Australian network TV bosses say free-to-air apps need fair placement by television manufacturers


“Everyone wants a clip of the ticket, a clip of the revenue between 10 and 20 per cent to actually be on the service. We’re just asking for a fair crack,” Warburton said.

Beverley McGarvey, the local executive of Paramount, which owns Network 10, said it took her “45 minutes to find the 10Play app” on a new LG television, saying Australians should not have to search to find free services.

From left: Nine’s Mike Sneesby, Ten’s Beverley McGarvey, FreeTV chair Greg Hywood and Seven’s James Warburton.Credit: Alex Ellinghausen

“If you don’t want us, fine. Flick us to the back. But the consumer should know that we are available and free,” McGarvey said.

Nine Entertainment boss Mike Sneesby said: “These deals being done offshore between big tech companies and big streaming companies are effectively just taking away those spots. Not even if we wanted to pay a price could we get them, and we’ve seen that as competition has grown … those global deals have just pushed Australian content off the front screen and we have no control.”

Representatives from Netflix, appearing for the first time in Canberra, said the company supported most of the new scheme but argued preference should not be extended to the networks in search. It also said the legislation should not mandate the positioning of tiles or apps on television home screens.


Ben Cox, director of business development in the region for Netflix, said the company had invested more than $1 billion on new Australian and Australian-related titles in the past four years – including more than $500 million on new programming for children and young adults – leading to the employment of “thousands of local cast and crew”.

The proposed legislation – which also includes updates to anti-siphoning rules that protect Australians’ access to view major sporting events for free – is part of a Labor government election pledge to protect local content.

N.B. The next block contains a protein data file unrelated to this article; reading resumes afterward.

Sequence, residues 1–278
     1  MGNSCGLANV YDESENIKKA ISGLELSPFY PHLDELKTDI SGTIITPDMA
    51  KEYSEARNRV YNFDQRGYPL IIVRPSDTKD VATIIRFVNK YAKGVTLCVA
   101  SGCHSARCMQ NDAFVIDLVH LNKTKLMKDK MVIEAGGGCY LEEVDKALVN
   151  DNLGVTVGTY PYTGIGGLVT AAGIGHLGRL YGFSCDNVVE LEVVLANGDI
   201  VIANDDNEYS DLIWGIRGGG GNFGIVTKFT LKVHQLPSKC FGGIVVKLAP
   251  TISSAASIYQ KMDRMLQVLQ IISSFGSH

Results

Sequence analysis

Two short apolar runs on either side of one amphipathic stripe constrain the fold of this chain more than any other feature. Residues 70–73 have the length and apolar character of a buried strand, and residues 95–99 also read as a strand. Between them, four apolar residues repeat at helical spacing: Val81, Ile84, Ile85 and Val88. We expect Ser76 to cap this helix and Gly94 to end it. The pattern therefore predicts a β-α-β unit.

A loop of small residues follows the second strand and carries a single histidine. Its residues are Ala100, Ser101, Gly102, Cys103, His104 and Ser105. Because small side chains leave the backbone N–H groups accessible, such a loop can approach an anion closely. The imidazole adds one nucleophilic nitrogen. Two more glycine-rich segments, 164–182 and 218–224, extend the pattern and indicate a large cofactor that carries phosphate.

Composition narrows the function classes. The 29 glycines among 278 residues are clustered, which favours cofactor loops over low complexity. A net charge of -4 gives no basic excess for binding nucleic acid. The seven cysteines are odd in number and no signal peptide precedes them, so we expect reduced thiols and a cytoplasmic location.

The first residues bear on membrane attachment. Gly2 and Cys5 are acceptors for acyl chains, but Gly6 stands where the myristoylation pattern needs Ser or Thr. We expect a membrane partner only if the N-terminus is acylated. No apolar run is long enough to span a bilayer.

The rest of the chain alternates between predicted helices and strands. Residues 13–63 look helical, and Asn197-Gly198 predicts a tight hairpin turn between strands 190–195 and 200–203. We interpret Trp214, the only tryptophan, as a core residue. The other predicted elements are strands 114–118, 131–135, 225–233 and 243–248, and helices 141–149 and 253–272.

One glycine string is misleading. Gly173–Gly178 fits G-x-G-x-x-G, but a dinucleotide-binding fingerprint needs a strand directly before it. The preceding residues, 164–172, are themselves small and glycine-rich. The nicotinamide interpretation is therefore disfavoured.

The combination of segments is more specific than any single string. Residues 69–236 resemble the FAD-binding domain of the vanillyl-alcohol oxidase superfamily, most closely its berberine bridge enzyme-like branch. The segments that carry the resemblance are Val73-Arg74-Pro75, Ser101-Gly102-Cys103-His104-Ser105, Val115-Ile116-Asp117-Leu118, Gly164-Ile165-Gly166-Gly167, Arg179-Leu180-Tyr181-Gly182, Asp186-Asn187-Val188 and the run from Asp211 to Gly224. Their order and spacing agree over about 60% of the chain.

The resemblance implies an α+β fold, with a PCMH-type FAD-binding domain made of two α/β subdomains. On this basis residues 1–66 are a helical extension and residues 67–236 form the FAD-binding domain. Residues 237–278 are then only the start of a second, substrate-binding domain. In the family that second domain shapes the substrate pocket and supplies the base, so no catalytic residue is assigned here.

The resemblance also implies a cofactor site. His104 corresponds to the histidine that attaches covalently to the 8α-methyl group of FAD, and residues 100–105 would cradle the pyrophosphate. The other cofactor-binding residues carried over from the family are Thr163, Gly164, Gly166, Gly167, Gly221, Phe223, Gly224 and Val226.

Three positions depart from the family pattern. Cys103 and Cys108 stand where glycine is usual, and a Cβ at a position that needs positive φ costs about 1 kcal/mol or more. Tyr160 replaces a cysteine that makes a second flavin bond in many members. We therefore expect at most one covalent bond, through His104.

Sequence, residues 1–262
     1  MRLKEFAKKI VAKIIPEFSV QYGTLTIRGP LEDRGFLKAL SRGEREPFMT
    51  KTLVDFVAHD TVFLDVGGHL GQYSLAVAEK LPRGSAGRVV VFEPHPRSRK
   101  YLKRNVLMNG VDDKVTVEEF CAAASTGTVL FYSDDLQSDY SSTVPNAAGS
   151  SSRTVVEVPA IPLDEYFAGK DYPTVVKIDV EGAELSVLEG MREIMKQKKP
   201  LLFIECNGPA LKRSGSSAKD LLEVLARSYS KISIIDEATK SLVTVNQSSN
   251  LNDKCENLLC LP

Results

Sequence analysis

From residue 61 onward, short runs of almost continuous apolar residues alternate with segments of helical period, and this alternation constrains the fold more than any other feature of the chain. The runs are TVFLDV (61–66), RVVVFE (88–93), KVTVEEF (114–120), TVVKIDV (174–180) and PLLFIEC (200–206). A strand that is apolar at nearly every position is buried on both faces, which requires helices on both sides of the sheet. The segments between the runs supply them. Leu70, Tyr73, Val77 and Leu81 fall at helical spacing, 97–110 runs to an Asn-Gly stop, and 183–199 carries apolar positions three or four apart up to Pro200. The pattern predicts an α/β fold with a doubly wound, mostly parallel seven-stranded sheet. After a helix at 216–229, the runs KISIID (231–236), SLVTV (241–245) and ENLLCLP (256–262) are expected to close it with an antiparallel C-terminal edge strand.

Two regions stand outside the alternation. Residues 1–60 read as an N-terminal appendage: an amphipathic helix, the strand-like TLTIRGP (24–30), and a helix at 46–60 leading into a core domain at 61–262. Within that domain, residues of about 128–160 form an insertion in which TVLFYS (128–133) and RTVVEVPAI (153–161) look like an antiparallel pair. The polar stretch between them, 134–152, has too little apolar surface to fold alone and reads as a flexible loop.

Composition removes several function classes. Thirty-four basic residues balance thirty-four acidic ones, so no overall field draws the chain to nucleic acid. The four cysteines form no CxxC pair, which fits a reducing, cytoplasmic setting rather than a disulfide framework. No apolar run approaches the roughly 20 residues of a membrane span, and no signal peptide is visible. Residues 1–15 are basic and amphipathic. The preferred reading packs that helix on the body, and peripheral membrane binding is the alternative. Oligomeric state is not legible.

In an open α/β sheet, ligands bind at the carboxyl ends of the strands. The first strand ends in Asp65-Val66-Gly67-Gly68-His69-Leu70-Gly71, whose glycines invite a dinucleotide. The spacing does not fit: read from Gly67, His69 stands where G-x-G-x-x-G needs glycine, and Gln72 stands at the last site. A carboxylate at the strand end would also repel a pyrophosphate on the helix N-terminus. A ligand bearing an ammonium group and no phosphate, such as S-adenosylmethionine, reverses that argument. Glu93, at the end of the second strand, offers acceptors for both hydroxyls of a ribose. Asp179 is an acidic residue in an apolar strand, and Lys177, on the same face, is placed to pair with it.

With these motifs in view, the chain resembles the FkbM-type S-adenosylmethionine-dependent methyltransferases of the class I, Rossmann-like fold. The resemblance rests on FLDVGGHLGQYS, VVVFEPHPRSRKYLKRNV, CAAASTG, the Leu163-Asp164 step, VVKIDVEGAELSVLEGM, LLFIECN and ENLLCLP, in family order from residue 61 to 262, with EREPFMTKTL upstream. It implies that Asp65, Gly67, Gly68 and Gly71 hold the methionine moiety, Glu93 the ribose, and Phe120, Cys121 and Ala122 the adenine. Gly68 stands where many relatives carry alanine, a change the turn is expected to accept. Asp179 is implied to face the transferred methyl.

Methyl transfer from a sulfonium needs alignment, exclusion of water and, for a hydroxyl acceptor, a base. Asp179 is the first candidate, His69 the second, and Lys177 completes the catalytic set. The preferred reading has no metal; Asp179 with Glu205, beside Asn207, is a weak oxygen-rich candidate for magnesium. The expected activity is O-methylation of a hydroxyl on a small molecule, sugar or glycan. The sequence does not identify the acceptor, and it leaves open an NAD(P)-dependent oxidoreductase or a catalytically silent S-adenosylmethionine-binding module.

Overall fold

Its opponents, which include Foxtel and major television manufacturers such as Samsung, argue discoverability isn’t an issue for Australians, and that the government should not be interfering with viewers’ freedom of choice.

Australian networks are pursuing digital-first strategies as audiences switch from traditional television to viewing through apps such as ABC iview, 9Now and SBS on Demand, alongside paid apps such as Netflix, Stan and Binge. In 2022, BBC boss Tim Davie went so far as to say the British broadcaster would switch off traditional television and radio transmissions within a decade.

But the online shift means the networks must compete in an increasingly crowded environment – not only against each other, but also against global companies with more capacity to pay for preferential app placement.

At the same time, commercial free-to-air advertising is in freefall, with revenue down 10 per cent in 2023.

Streamers are also facing problems of their own. After years of growth, subscriber figures have plateaued, prompting sustained price rises and advertising tiers to ensure long-term viability.

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